Dear Jo: Corporate Training Program Evaluation Should Be a “Habit”

Dear Jo: Corporate Training Program Evaluation Should Be a “Habit”
Summary: Program evaluation for corporate training—so often it’s postponed, swept under the rug, becomes mired in discussions, line-item budget vetoed, or skipped altogether. Why is this? Consultant and former learning organization leader Jo Coulson answers a reader’s question and reflects on her own and her colleagues’ experiences to uncover this deep mystery of corporate training. With her insight, you can make program evaluation a habit in your learning organization.

Corporate Training Insights from an Industry Veteran: How Your Learning Organization Can Do a Better Job at Program Evaluation

Dear Jo,

How Can We Improve Evaluation?

My learning organization wants to do a better job at evaluating the impact of our offerings, but there always seem to be so many barriers. What do you suggest?

Dear Jeff,

Begin with the End in Mind.

For many years I’ve wondered why learning organizations don’t do a better job with training program evaluation, if they do it at all. To answer Jeff’s question, I reflected on my own experience as a learning leader, and I reached out to colleagues and friends to hear their experiences as well.

Their responses mirrored many of my own quandaries when leading learning organizations and as an external consultant. What should I evaluate? What if the outcome is bad? Where do I begin? Let’s take a closer look at some of these oh-so-common questions and concerns about program evaluation within corporate training that emerged in my conversations.

I don’t understand what to evaluate or how.

The most widely known model is Kirkpatrick’s 4 Levels of Evaluation. Some also follow the Phillips model, which adds a fifth level—ROI. Both models are easy to understand, but it does take some expertise to implement and really make them effective.

I’m not sure what to do with the results. 

The primary purpose of a program evaluation strategy is to provide relevant information for continuous improvement of your corporate training program. It will also help with planning and resource issues and, hopefully, it helps tell a great success story.

What if the results are not good?

Other than budget, this, I believe, is the unspoken real reason we don’t perform program evaluations: we are afraid of the results. But the reality is that management will often assign their own evaluation of your programs without empirical data. You will be in a far better position if you have data to demonstrate effectiveness or data that leads to improvements, and ultimately you will do a better job.

It’s time consuming and we don’t have the resources.

Probably the most common reason we do not evaluate results of corporate training is the lack of time or resources. It does take time. I would argue that it is well worth the effort, however, and, if it is well-designed, it will actually save your learning organization time and budget because your programs become more effective.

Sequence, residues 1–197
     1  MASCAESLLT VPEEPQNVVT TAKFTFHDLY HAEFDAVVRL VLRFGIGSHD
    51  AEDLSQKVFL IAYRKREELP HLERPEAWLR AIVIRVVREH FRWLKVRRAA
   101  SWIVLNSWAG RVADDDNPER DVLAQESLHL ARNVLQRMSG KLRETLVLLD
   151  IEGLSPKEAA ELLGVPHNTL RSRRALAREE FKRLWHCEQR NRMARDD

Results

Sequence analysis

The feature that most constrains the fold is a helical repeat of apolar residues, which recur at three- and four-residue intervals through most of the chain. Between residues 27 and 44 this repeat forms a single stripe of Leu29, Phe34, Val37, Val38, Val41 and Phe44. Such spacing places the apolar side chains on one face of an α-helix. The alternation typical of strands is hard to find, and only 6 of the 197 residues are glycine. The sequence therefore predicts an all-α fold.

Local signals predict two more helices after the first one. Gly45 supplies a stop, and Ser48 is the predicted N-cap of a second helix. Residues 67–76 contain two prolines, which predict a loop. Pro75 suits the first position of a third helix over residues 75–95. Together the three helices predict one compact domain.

I’m not sure where to begin.
This is the concern that caught my attention, and I want to spend a little more time on it. If this applies to you, read on!

Corporate Training Program Evaluation: “Begin with the End in Mind”

Fans of the late Steven Covey will recognize this as Habit #2 from his classic book, 7 Habits of Highly Effective People. Written in 1989, with more than 15 million copies sold, it is still considered a classic.

Over the years, countless individuals have taken Covey’s work and created their own interpretations and a variety of applications of this principle. My own interpretation is this: Focus on the desired outcome—“Begin with the End...”—and the path becomes clear.

It’s why, as a SweetRush consultant, I coach our corporate training clients to be as clear as possible on the desired outcome. What is the business problem they are trying to solve? What behaviors are they trying to change? What are the potential enablers and barriers to success? How will you know you’ve been successful?

It’s also why I coach our clients in learning organizations to begin with a program evaluation strategy that will help answer these questions. This approach will allow you to:

  • Keep the project focused on the goals and priorities.
  • Determine if there are barriers to success that need to be addressed.
  • Determine and call out if there is a need for additional interventions or activities, such as change management, management support, incentives, or resources.
  • Determine what relevant data or measurements exist or need to be created.

The primary purpose and methods of a program evaluation strategy remain the same: evaluate at several levels to provide evidence of impact of the training and provide relevant data for continuous improvement of the curriculum.

Attention Learning Organizations! What Is Different Is When to Begin

Often we think of creating the program evaluation strategy after the courses have been created. We are then left scrambling to find appropriate baseline data and measurement tools. We discover potential barriers for success that should have been addressed and incorporated into the solution; or worse, that our courses have completely gone off track. Stephen Covey had it right: begin with the end in mind.

Has this discussion triggered thoughts or additional questions for you about program evaluation or related topics? What concerns (or successes!) have you experienced in your learning organization? Share with me in the comments. I’d love to hear from you.


Do you have a question for Dear Jo? Write to us at [email protected]!

Learn more about Jo Coulson and read her blog at

eBook Release: SweetRush
Our job is to help you achieve your objectives and be successful. Engage us at any point, from analysis to custom development (including e-learning, mobile, gamification, and ILT) to evaluation.